Favorite Lick or Run?


#1

What’s your favorite lick or run that is really cool? Could be a lick or could be part of a song but you should share with others.

Mine is that little run Rice uses in “Blue Railroad Train” that starts in the video at exactly 00:59 seconds and leads into him singing.

Of course I really like the lead breaks for this song.

I worked on this entire intro awhile to get it acceptable, still can’t get it up to the speed as Tony but am pretty close. If anyone is interested I think I have this as a tef file somewhere and can share.

Below is the Youtube video to reference the part I am talking about…again it starts at 00.59 seconds. This is a nice little lick/run for that G to D transition. He also plays it again at right around the 3:20 or 3:21 mark.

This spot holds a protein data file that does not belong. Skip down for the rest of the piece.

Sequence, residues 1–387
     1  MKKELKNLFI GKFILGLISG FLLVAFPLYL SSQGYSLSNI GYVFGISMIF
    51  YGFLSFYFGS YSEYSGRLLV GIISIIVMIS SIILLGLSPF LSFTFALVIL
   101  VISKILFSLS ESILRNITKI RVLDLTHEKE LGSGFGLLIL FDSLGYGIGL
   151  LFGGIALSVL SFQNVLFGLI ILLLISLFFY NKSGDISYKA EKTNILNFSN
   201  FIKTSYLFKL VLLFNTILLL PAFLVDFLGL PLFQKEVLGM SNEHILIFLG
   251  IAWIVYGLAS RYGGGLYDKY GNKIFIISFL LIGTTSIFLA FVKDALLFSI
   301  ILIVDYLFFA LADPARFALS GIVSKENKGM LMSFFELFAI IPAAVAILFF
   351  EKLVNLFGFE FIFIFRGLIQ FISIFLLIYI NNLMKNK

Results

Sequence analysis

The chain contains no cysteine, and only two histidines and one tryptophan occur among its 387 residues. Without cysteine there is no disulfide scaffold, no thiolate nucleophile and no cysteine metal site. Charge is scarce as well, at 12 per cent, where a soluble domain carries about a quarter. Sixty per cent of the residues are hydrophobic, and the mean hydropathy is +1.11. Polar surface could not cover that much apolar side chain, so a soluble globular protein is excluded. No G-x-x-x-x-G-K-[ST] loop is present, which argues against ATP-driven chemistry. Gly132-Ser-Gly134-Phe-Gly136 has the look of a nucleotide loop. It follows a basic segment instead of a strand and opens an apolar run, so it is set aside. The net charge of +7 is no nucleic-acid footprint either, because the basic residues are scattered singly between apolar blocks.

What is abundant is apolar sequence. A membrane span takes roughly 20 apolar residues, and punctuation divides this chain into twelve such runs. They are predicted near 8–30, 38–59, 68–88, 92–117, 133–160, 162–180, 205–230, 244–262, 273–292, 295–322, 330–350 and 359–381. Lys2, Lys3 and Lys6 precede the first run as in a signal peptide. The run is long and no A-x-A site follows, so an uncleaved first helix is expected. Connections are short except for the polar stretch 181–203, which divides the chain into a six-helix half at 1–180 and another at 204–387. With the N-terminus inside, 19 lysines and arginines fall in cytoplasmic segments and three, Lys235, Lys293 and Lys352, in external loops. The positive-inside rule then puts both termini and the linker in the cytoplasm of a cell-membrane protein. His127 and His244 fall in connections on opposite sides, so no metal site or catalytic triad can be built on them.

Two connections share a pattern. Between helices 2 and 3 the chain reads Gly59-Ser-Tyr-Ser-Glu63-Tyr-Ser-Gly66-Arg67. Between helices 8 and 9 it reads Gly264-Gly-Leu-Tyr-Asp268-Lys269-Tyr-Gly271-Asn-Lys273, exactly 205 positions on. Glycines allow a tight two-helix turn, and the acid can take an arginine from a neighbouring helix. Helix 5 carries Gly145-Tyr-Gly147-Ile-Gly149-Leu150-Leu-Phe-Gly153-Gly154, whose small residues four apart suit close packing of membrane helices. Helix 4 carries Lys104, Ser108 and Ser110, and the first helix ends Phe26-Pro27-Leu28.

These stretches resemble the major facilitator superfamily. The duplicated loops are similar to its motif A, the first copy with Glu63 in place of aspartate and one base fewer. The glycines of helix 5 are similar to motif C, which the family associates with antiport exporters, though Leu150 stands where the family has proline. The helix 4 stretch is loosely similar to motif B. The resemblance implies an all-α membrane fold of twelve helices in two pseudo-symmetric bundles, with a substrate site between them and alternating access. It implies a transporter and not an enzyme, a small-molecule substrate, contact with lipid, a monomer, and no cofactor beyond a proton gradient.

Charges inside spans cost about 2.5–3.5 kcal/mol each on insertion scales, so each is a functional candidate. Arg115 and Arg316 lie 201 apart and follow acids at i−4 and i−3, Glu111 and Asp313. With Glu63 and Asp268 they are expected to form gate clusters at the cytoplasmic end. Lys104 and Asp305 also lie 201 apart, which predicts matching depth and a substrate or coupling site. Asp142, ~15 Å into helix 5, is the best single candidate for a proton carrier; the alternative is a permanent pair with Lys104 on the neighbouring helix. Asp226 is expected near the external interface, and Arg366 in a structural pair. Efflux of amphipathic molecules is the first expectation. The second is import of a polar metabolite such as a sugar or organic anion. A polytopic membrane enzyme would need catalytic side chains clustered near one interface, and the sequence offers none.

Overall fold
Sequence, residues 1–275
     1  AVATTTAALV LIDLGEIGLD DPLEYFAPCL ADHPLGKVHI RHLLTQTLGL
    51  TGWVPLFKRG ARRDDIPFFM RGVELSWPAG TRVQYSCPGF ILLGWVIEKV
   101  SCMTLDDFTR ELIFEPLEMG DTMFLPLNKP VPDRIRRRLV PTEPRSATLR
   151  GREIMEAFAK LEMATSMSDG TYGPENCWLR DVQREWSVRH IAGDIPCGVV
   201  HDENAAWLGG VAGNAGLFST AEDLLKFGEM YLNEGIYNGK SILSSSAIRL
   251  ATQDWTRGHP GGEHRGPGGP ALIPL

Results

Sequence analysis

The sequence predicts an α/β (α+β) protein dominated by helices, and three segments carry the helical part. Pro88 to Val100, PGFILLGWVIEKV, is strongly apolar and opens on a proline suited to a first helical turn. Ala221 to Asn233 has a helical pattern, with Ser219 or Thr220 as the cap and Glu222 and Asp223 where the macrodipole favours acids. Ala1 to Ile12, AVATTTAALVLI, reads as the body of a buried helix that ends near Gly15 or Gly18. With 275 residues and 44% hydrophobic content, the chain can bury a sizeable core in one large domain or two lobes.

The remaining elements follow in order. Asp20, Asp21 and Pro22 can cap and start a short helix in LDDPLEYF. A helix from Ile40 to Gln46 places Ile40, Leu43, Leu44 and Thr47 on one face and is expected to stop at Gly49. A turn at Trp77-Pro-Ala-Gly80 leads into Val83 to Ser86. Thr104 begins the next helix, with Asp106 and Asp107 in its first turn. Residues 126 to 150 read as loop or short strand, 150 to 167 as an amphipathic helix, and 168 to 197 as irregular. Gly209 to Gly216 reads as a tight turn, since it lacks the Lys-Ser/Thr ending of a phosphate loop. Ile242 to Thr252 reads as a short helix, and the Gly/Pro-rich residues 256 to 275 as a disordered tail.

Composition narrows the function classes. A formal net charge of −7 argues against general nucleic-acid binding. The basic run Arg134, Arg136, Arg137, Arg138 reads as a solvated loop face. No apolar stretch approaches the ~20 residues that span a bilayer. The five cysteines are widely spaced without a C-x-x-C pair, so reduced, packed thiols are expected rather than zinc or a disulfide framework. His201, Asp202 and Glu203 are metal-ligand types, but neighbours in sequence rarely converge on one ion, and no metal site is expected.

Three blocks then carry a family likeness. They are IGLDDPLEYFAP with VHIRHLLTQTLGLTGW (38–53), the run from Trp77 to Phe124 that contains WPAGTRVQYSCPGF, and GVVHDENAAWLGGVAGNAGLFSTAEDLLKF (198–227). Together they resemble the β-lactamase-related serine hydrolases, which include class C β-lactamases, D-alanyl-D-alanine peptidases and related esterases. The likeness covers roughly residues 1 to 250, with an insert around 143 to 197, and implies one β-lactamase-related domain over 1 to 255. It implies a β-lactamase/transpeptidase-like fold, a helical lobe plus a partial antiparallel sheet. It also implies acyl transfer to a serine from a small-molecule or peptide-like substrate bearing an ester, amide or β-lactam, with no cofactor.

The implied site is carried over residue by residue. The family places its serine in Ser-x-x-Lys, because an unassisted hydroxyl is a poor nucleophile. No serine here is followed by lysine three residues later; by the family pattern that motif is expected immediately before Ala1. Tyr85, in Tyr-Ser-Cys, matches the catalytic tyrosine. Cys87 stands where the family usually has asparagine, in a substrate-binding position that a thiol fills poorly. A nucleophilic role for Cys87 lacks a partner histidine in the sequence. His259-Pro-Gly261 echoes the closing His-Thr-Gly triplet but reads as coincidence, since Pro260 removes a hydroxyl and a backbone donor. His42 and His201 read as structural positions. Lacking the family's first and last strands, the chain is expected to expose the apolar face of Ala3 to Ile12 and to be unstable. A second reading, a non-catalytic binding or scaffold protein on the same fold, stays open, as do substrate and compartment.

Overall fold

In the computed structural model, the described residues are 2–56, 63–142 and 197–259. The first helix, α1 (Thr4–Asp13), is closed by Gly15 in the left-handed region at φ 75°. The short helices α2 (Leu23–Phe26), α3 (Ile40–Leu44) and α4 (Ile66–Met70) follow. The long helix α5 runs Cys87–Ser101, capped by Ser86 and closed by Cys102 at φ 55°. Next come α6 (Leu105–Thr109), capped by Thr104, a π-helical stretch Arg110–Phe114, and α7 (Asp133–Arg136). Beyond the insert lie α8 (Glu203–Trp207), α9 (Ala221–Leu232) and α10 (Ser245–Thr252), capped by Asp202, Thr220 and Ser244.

Please share yours with the rest of us…you know that one part of a song where you say “Man that is the bomb” or a “lick”.

youtube.com/watch?v=yhI-4Agmax4


#2

That’s the intro/break I thought of when I saw this thread. It is sweet. I probably found the same tef file for it you did. Also learned some different fingerings from a slow lesson on youtube. Does your version have the whole intro/break or just that lick Oldhat?


#3

I have the entire intro/break on TEf file. Can’t remember exactly where I found it, was one of the bluegrass sites on the net somewhere and it is pretty darn close to what Tony does. Let me dig through my files and find it and I’ll see about adding it here, or I will find a direct link to where I found it at if I can find it.

Funny thing about this lick/run is that I like the emphasis on the timing of it…I mean mentally you are cruising along the melody and then that lick pops up…was kind of difficult for me to get it correctly and to get into that lick, kind of reminds me of Clarence White and some of the ideas that he used in playing and his sense of timing…and we all know Tony followed Clarence.